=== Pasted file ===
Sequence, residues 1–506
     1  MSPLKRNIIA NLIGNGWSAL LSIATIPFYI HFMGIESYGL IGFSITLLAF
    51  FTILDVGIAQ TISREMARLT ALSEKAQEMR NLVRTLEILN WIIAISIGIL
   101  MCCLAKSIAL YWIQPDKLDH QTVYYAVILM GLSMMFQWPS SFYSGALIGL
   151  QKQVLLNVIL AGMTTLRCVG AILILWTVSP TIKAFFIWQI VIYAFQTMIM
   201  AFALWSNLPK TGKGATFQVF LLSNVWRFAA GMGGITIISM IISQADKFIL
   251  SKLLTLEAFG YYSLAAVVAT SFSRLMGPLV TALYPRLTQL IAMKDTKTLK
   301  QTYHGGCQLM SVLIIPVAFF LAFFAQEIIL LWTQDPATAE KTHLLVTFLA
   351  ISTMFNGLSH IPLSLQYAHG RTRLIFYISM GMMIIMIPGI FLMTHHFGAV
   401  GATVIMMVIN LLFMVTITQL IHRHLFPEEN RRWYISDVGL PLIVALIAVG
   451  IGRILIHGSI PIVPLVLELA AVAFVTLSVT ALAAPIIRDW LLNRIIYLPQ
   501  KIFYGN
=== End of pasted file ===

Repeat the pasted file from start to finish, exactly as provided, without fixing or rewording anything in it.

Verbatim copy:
Sequence, residues 1–506
     1  MSPLKRNIIA NLIGNGWSAL LSIATIPFYI HFMGIESYGL IGFSITLLAF
    51  FTILDVGIAQ TISREMARLT ALSEKAQEMR NLVRTLEILN WIIAISIGIL
   101  MCCLAKSIAL YWIQPDKLDH QTVYYAVILM GLSMMFQWPS SFYSGALIGL
   151  QKQVLLNVIL AGMTTLRCVG AILILWTVSP TIKAFFIWQI VIYAFQTMIM
   201  AFALWSNLPK TGKGATFQVF LLSNVWRFAA GMGGITIISM IISQADKFIL
   251  SKLLTLEAFG YYSLAAVVAT SFSRLMGPLV TALYPRLTQL IAMKDTKTLK
   301  QTYHGGCQLM SVLIIPVAFF LAFFAQEIIL LWTQDPATAE KTHLLVTFLA
   351  ISTMFNGLSH IPLSLQYAHG RTRLIFYISM GMMIIMIPGI FLMTHHFGAV
   401  GATVIMMVIN LLFMVTITQL IHRHLFPEEN RRWYISDVGL PLIVALIAVG
   451  IGRILIHGSI PIVPLVLELA AVAFVTLSVT ALAAPIIRDW LLNRIIYLPQ
   501  KIFYGN